August - 2018


Publication of Law n° 2018-670 related to the protection of trade secrets

Following the adoption of the Directive (EU) 2016/943 of 8 June 2016 on the protection of undisclosed know-how and business information (trade secrets) against their unlawful acquisition, use and disclosure, EU Member States are now putting in place reforms aiming to establish a legal protection upon the principles laid down by the TRIPS Agreement (part of the WTO Agreement signed in 1994 at Marrakech).

Adopting a decision n° 2018-768 DC on July 26th, 2018, the Conseil Constitutionnel validated the new regulation protecting trade secrets in France. The Law n° 2018-670 adopted on July 30th, 2018, and related to the protection of trade secrets therefore modify some dispositions of the Code de commerce and sets up a clear definition of information protected by trade secret.

Consequently, any piece of information shall be protected as a trade secret if:

  • The information is not generally common knowledge or easily accessible for people familiar to this type of information per their line of business; or
  • The fact the information is secret gives it a commercial value, actual or potential; or
  • The owner of the information has set up reasonable measures in order to keep it secret.

The information protected as a trade secret can be legally or illegally obtained. Therefore, the new Law introduces a notion of a legitimate holder who de facto is legally controlling such a protected information. Since then, a trade secret can be legally obtained thanks to an independent discovery or creation or also subsequently to the analysis of a product available to the public or, at least, legally available, except any contractual prohibition to disclose such a trade secret.

Conversely, a trade secret is illegally obtained if the legitimate holder did not express any consent (e.g. a non-authorized access to a support carrying the trade secret or elements allowing to discover it, or any illegal copy of any of these elements). Furthermore, any behavior which may be seen as unfair or breaking commercial usages shall constitute the acquisition of a trade secret by illegal means.

However, the fact that a trade secret has been legally obtained does not grant any right of use or disclosure. Any use or disclosure of a trade secret must be done by a person who legally obtained it and had a specific consent from the legitimate holder to use or disclose it. Also, a legally-obtained trade secret used or disclosed despite a contractual limitation breaks the Law. Any operation of production, release or exportation of any product significantly resulting from a breach of trade secret regulation is an illegal use is the person was aware this use was actually illegal.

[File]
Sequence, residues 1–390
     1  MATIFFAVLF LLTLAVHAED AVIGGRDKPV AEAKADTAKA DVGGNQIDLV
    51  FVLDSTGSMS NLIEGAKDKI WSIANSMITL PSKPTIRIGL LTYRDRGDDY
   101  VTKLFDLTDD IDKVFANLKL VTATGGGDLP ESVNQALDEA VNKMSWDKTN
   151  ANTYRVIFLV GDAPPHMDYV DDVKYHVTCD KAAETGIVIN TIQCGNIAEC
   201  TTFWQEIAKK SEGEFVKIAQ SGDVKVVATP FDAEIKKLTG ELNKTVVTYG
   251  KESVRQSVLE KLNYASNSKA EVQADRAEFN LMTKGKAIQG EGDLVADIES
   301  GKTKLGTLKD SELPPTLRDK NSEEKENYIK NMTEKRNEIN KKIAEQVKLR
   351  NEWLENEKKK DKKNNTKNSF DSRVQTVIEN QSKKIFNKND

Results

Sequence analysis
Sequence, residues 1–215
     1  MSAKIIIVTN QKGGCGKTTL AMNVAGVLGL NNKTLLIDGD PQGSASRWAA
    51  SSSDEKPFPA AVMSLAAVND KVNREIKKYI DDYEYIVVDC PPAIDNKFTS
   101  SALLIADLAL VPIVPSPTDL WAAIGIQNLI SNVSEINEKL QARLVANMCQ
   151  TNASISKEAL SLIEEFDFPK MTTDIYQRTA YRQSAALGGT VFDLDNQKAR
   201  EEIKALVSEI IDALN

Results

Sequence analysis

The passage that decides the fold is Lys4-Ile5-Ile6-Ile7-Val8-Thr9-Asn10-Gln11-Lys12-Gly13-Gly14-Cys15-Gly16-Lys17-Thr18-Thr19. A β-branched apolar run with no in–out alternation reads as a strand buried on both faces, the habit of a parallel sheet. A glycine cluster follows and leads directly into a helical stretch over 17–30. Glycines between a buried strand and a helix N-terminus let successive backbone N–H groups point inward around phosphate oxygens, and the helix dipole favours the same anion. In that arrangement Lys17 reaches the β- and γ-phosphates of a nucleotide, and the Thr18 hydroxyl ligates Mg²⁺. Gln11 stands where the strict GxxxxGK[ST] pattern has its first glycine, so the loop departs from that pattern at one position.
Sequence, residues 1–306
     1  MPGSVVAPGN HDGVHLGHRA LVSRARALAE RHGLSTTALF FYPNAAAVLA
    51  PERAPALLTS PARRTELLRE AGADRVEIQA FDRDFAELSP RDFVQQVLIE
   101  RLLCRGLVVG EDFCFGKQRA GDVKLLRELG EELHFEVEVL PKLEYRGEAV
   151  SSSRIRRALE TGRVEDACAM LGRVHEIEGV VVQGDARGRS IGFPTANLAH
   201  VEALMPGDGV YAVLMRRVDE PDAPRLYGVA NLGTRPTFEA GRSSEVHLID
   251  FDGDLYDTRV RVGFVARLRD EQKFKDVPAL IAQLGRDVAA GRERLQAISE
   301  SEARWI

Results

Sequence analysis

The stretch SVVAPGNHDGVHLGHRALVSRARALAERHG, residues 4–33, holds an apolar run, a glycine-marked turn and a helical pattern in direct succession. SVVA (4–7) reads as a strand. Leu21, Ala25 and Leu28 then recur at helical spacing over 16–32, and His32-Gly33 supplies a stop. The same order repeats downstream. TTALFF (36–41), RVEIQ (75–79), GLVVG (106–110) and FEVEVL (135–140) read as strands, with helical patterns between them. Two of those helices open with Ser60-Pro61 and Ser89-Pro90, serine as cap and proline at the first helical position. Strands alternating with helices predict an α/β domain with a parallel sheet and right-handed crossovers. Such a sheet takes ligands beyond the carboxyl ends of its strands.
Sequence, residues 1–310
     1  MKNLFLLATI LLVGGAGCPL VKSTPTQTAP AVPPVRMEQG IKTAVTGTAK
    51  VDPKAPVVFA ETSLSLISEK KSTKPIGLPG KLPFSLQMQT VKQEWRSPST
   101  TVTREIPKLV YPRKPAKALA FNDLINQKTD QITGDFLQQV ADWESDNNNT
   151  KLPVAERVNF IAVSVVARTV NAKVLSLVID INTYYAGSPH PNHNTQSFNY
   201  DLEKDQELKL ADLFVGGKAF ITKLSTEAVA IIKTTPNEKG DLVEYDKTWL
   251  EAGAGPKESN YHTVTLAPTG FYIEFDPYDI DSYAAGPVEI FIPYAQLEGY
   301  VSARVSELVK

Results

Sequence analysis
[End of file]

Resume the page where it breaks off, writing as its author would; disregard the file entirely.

At last, any acquisition, use or disclosure of a trade secret is also illegal if the person knew or should have known regarding circumstances that such a trade secret had been directly or indirectly obtained from another person who was using or disclosing it illegally.

Nevertheless, this protection is not absolute. The new Law also introduces some exceptions. Trade secret protection is not granted if to acquire such an information, use it or disclose it is required or authorized by European or national law. Moreover, during a judicial proceeding, a trade secret cannot be used if use or disclosure of a trade secret has been done in good faith and according to the freedom of expression, in order to reveal an illegal activity to protect public interest. Similarly, trade secret protection cannot be used to bar early warning rights or in the context of protection of legitimate interest acknowledged by European or national law. 

Lastly, trade secret cannot be used regarding specific right of information and consultation allowed to employees or unions. Likewise, disclosure of a trade secret by employees or unions cannot be interpreted as a breach if done in the context of professional responsibilities of some employees or unions. In this case, the information remains a trade secret for the rest of the staff or unions.

Because trade secrets are now formally protected by law, judicial actions can be started in order to prevent, end or get damages for breach of trade secret, as a civil liability. Also, the court can prescribe any adequate measure to avoid or end the breach.

This reform is a major evolution for French law regarding trade secret protection. This new legal protection is crucial, especially for businesses involved in innovation or strategic activities.

Anne-Solène Gay, Behring, Juris Initiative, trade secret, TRIPS, protection, secret, law